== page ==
How To Visualise Block Chords On Your Guitar

There is a key relationship, or perhaps we could call it a way of going about learning block chords that will make them so much easier for you to access and remember.

Chords must be easy to access on your guitar or they will be useless to you. This is why it’s never a good idea to buy one of those chord encyclopaedia’s to go through it page by page trying to memorise all the chords. These books are a great reference, however the key to learning chords on your guitar is in how they relate to each other on the fretboard.

Let’s look at our first block chord shape to illustrate this point. The following is a major 7th block chord in root position:

 

Major-7th-Block-Chord-Diagram

Now, if we want to make this a dominant 7th chord we only need to alter one note. This is because there is only one note difference between a major 7th and dominant 7th chord.

If you are not familiar with chord formula’s and the notes that make up a particular type of chord, not to worry. It is beyond the scope of this article to go into chord theory, however just accept for now that it’s very easy to create a dominant 7th chord from our major 7th form by altering just one note.

Here is the dominant 7th in root position:

Advanced Chords Transformation Dominant 7

Notice all we had to do was move the note on the 2nd string of the major 7th chord down one fret.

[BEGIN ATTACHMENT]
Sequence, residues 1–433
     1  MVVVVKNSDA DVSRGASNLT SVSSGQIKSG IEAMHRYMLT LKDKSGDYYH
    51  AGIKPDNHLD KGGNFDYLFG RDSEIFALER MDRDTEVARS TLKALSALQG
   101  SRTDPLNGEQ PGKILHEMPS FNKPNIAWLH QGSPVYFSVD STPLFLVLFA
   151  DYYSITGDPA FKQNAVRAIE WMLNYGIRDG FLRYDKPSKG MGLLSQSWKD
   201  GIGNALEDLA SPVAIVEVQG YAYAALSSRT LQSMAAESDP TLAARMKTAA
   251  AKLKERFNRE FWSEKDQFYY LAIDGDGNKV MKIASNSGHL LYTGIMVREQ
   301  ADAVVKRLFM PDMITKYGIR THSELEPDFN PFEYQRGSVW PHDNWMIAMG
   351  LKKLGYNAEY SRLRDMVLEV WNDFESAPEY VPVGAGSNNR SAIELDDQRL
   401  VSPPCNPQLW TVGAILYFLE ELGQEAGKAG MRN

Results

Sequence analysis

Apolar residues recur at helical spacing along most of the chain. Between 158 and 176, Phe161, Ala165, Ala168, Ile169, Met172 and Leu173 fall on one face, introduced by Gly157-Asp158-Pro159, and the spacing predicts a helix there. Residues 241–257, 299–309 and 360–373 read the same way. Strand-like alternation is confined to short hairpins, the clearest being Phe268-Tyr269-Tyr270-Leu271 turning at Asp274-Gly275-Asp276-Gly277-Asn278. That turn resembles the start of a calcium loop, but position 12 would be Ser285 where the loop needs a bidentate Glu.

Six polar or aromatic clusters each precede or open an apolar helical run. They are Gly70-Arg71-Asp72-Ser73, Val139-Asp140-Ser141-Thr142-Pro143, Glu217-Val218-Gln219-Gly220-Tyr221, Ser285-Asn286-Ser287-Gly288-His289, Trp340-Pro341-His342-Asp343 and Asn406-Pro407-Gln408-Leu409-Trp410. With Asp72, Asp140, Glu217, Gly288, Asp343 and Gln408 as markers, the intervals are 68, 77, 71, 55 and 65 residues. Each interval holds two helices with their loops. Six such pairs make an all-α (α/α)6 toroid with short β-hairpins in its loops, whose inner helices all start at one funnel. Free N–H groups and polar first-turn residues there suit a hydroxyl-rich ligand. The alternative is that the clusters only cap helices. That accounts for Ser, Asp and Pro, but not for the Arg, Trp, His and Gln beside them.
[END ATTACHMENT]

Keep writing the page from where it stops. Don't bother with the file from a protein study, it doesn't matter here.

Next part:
Further to this, it’s easy to create a minor 7th chord from the dominant form, again by altering just one note.

Here is the minor 7th in root position:

Advanced Chords Transformation Minor 7th

Notice all we had to do was move the note on the 1st string of the dominant 7th chord down one fret.

This is how to learn and visualise your block chords on the guitar. It’s all about how they relate to each other. 


Opening Up The Fretboard Using Block Chords

Now I did say that these block chords will open up the entire fretboard to you. This is because we can play not just the root position forms, but the inversions of these chords as well.

Again, I don’t want to get into the theory of chords, formula’s, inversions etc, that’s for another article, I just want you to focus on the visualisation and application of these chords for now. You don’t need to understand the theory behind block chords to be able to use them in your guitar playing, and that is the focus of this article.

So that being said, here are the Major 7th shapes for our block chord from root position through to 3rd inversion as they appear in relation to each other on the fretboard:

 

Major 7 Block Chord Fretboard Diagram